- Date: September 2016
- Location: France, Alpes, Haute-Savoie
- Camera: Moravian G4 CCD (Kaf 16803)
- Optics: Takahashi FSQ-106
- Mount: EQ6 Pro Evolution
- Filters: Astrodon LRGB Astrodon
- Exposure: L 84 x 600s, RGB 10 x 600s each. Total 19 hours.
Many people imagine outer space to be a complete vacuum, devoid of any material. Although the interstellar regions are more devoid of matter than any vacuum artificially created on earth, there is matter in space, which is clearly seen in this wonderful wide-field image of the Iris nebula made by Idir Saci from France. We refer to this material as the Interstellar Medium and it consists mainly of gas (99%) and dust.
75% of the mass of the interstellar gas is in the form of hydrogen (either molecular or atomic), with the remaining 25% as helium. The interstellar gas consists partly of neutral atoms and molecules, as well as charged particles, such as ions and electrons. This gas is extremely dilute, with an average density of about 1 atom per cubic centimeter. (For comparison, the air we breathe has a density of approximately 25,000,000,000,000,000,000 molecules per cubic centimeter). Even though the interstellar gas is very dilute, the amount of matter adds up over the vast distances between the stars. The interstellar gas is typically found in two forms: cold clouds of neutral atomic or molecular hydrogen and hot ionized hydrogen near hot young stars.
The cold clouds of neutral or molecular hydrogen are the birthplace of new stars if they become gravitationally unstable and collapse. The neutral and molecular forms emit radiation in the radio band of the electromagnetic spectrum.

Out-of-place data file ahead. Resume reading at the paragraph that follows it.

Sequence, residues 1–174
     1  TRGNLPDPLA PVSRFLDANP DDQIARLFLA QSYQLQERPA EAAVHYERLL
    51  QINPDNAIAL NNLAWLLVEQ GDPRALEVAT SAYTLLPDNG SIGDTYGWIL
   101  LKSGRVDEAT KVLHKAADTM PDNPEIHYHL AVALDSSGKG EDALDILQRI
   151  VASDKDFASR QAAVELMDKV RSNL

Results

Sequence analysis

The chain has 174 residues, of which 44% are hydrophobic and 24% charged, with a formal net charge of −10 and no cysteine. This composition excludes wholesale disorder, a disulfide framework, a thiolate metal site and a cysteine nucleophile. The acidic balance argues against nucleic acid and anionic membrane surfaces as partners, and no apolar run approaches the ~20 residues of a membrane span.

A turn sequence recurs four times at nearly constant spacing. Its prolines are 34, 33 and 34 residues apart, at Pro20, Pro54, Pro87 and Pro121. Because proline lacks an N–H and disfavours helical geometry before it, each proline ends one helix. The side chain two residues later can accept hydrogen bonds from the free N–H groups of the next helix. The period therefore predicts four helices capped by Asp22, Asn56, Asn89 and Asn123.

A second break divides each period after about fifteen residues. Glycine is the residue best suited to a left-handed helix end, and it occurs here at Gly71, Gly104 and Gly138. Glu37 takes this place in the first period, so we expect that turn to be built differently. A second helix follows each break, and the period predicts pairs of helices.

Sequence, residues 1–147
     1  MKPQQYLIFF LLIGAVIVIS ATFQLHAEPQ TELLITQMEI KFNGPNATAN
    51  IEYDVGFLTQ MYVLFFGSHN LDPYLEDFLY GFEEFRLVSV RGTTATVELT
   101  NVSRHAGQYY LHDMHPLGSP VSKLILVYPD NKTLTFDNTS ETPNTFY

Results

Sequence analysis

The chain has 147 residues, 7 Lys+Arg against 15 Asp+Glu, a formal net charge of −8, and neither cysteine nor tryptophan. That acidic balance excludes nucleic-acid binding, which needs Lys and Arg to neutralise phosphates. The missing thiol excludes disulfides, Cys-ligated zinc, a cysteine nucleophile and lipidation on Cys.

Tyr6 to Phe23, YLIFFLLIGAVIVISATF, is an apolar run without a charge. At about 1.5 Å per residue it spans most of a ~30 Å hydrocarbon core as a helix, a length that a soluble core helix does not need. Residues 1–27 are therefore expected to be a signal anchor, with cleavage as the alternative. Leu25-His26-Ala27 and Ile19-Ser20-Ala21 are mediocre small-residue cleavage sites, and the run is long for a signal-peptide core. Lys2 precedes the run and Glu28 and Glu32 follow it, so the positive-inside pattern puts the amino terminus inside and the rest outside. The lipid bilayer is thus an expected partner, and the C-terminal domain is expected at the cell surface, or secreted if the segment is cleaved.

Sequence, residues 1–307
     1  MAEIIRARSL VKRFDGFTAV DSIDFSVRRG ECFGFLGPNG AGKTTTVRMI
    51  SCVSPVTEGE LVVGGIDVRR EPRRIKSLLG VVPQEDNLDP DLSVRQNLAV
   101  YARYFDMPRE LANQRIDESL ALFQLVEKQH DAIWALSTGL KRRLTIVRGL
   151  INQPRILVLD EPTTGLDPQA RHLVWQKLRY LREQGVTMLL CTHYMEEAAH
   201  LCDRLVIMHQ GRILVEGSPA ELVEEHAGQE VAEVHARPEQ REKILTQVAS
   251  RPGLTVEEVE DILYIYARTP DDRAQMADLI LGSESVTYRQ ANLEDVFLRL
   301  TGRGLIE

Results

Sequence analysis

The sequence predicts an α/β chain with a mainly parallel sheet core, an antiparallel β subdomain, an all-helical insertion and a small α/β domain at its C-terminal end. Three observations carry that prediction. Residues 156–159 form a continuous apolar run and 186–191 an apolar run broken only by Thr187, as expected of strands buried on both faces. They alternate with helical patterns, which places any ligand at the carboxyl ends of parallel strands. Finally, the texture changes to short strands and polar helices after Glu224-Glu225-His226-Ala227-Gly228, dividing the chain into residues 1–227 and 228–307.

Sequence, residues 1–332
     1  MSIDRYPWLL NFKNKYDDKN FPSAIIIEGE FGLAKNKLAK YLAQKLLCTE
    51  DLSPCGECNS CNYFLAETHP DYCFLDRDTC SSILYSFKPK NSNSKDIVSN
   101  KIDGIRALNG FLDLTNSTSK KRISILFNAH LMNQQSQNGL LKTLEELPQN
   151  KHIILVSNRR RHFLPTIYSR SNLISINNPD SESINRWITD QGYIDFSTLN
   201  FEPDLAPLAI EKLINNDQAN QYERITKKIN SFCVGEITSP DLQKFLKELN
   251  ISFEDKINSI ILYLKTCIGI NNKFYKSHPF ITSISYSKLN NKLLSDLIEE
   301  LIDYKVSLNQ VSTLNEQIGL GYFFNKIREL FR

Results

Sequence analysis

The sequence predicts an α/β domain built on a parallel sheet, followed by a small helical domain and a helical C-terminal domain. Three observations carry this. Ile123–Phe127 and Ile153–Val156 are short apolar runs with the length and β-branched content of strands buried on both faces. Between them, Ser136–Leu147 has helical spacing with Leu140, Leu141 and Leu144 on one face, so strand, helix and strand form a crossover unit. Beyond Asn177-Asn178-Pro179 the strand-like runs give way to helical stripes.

The ionized hydrogen is produced when large amounts of ultraviolet radiation are released by hot newly-formed stars. This radiation ionizes the surrounding clouds of gas. Visible light is emitted when electrons recombine with the ionized hydrogen, which is seen as beautiful red colors of emission nebulae.
Interstellar dust is not like the dust that you might find under your bed; it is made of very different substances. These dust particles are extremely small, just a fraction of a micron across, which happens to be approximately the wavelength of blue light waves. The particles are irregularly shaped, and are composed of silicates, carbon, ice and/or iron compounds.
When light from other stars passes through the dust, a few things can happen. If the dust is thick enough, the light will be completely blocked, leading to dark areas. These dark clouds are known as dark nebulae.
Light passing through a dust cloud may not be completely blocked, although all wavelengths of light passing through will be dimmed somewhat. This phenomenon is known as extinction. The extinction is caused by the light being scattered off of the dust particles out of our line of sight, preventing the light from reaching us. The amount that the light is dimmed depends upon a few factors, including the thickness and density of the dust cloud, as well as the wavelength (color) of the light.
Because of the size of the dust particles, scattering of blue light is favored. Therefore, less of the blue light reaches us, which means that the light that reaches us is more red than it would have been without the interstellar dust. This effect is known as interstellar reddening (this is not the same thing as redshift, which is due to the effects of relative movement between a light source and its receiver). This process is similar to those that make the sun red at sunset. In turn, a dust cloud that is illuminated by star light, when viewed from the side, appears blue. This is similar to the blue sky we see, which is produced by sunlight scattered by the Earth’s atmosphere.
Aside from passing through, or being blocked from passing through, interstellar dust, light may also be reflected from the clouds of dust. This is seen as a reflection nebula, like the iris nebula in the Idir’s picture above.
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